The Silent Success Factor
By Ken Keis.
It affects every aspect of our lives, yet few people will talk about it. If you have it, you are more likely to succeed. If you lack it, you will struggle.
What is it? Self-worth.
Self-worth is defined as the way you think and feel about yourself. It is the part of your personality that determines personal value and importance. Deeply seated within you, it strongly influences your attitudes and behaviors, ultimately determining your success or failure.
When self-worth is low, people have little or no energy to think, feel, and do. They lack the motivation to participate in life.
Here is an example from my own life. Over 16 years ago (prior to meeting my wife Brenda), I was engaged to a girl from Australia. After spending almost a year in my area, she returned home to plan for our wedding. Two months later, she contacted me with a “Dear John” phone call.
My self-worth hit the lowest point I could remember. Almost in a full depression, I did not eat and lost 15 pounds in 30 days. I went from being the #1 sales performer for our company to the poorest producer—in less than 60 days. My skills and abilities did not change; only my level of self-worth. My low self-worth negatively impacted everything.
High self-worth creates the opposite results. People with high self-worth believe their personal efforts will make a difference wherever they become involved. This high self-worth results in a confidence that increases their success.
Recent research shows that our self-worth levels are always fluctuating and being re-established every day. I suspect even Donald Trump had a couple of low self-worth days after his bankruptcy. And research reports that experiencing success produces more success and higher levels of self-worth. That’s why in sales training, they say the best time for a person to sell something is right after he or she has just sold something.
Developed over time, self-worth is determined by positive and negative events that occur within our families, work settings, relationships with others, and our relationships with ourselves. I was very successful in my work but, in the environment of my family life growing up, I endured a daily dose of criticism. Carrying that low self-worth into my adult life, I became critical of myself―until I recognized it for the destructive behavior it was and altered it! That attitude adjustment helped me increase my self-worth in essential areas.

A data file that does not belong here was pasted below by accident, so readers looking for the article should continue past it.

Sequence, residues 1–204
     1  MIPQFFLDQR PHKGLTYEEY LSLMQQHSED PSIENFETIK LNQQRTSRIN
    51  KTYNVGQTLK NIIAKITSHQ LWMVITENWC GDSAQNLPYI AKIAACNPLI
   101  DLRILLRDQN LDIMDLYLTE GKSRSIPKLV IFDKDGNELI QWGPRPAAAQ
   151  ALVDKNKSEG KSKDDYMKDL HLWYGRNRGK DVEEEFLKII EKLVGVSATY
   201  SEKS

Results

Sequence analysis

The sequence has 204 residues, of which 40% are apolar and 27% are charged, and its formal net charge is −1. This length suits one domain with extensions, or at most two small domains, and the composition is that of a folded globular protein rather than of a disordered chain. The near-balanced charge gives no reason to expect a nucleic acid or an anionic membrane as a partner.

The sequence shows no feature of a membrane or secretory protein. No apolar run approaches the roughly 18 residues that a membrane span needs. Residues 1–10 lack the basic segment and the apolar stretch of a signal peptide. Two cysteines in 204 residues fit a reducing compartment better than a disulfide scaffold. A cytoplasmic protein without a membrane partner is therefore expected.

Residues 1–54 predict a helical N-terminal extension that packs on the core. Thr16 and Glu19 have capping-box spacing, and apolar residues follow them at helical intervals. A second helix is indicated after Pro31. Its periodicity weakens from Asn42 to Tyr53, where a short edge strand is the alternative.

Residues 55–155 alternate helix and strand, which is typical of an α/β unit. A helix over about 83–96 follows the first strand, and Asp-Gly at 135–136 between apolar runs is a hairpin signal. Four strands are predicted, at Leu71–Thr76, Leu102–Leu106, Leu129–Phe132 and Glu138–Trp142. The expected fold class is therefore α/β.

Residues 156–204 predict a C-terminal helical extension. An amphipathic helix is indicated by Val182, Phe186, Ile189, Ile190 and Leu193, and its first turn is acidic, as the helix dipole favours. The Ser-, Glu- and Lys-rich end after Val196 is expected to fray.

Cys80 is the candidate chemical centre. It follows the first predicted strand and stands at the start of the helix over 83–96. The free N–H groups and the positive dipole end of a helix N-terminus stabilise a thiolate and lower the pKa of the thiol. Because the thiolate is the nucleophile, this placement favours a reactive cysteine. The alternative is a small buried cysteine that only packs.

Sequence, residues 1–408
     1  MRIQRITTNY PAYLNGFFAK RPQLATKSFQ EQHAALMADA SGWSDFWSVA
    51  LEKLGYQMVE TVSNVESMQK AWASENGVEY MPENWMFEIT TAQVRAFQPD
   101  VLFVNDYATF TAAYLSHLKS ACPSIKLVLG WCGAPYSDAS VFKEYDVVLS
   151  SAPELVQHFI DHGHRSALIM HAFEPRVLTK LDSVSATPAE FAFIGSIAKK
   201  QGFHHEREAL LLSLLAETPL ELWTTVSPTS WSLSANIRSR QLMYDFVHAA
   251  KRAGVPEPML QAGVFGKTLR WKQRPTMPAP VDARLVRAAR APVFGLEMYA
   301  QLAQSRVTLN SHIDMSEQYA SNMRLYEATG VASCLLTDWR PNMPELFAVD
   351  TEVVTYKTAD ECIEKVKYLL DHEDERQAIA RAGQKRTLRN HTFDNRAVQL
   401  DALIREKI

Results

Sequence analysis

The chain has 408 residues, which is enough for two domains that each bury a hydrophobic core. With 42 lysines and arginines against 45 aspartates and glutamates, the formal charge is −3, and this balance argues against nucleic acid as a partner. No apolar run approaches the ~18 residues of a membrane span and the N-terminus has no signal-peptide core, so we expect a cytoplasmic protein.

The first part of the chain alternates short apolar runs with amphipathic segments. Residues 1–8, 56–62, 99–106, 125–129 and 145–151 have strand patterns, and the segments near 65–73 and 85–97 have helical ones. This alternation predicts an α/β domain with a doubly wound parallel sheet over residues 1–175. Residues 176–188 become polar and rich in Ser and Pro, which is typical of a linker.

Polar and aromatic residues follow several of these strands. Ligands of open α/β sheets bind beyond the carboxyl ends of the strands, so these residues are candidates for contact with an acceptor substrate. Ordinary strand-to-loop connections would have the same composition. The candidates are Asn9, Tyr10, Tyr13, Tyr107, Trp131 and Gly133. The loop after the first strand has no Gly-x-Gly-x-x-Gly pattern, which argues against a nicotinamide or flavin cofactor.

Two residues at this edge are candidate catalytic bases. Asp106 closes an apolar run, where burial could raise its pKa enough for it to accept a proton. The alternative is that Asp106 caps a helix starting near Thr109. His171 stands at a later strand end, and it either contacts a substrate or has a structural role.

There are a number of things you can do to increase your self-worth.
- Learn more about who you really are, to clarify what you need from others and the way you react in different situations. When needs are consistently met, self-worth goes up.
- Develop respect for yourself. Limit or eliminate negative relationships with individuals who mistreat you. Discontinue behaviors that make you feel guilty or ashamed.
- Forgive yourself for past mistakes and failures. Forgiveness releases strong feelings of bitterness and hate that act like poisons within us. Everyone makes mistakes. It is simply a matter of learning from them, correcting what we can, and moving forward.
- Identify and build on unused strengths. Knowing that you can do something well and doing it is a great confidence-booster.
One way to establish your awareness of your self-worth and then initiate change is to complete an assessment such as the Self–Worth Inventory (SWI).
Marcia Richardson has used the Self–Worth Inventory with clients. She strongly believes in the benefits it provides. “The SWI led us into discussions concerning self-image, how we downplay our contributions, tendencies to focus on the negative, or even how we are conditioned in our lives to be modest and not to brag. This assessment has been extremely useful in helping our clients overcome these negative conditionings.”
As you can see, the potential impact of the SWI with participants is significant. The SWI provides proven, practical ways for individuals to start from within and change the way they think and feel about themselves.
I want to mention that in some individuals, low self-worth can be biologically generated. Based on your diet and blood chemistry, you could have depression or low self-worth based on a biological condition—not a mental or emotional condition. As you look toward increasing your confidence and self-worth levels, please remember they can also be affected by physiological factors.
Self-worth is a key factor to success. If you don’t have strong self-worth, you may not feel you deserve success and therefore you sabotage your attempts to succeed. As a coach or employer, understanding your client’s level of self-worth will help you understand the individual better and provide you and the client with a map for moving forward. You may have a client or employee who seems lazy and unmotivated, yet the root of the problem is low self-worth. Helping people increase their self-worth can increase their productivity and their desire to contribute, thus benefiting everyone around them.
Include the SWI as part of your awareness program. The best thing you can do for your clients is to help them build their self-worth. The benefits are far-reaching and long-lasting.
Ken Keis is the president and CEO of Consulting Resource Group in Abbotsford, B.C. (www.crgleader.com). He can be reached at (604) 852-0566 or firstname.lastname@example.org.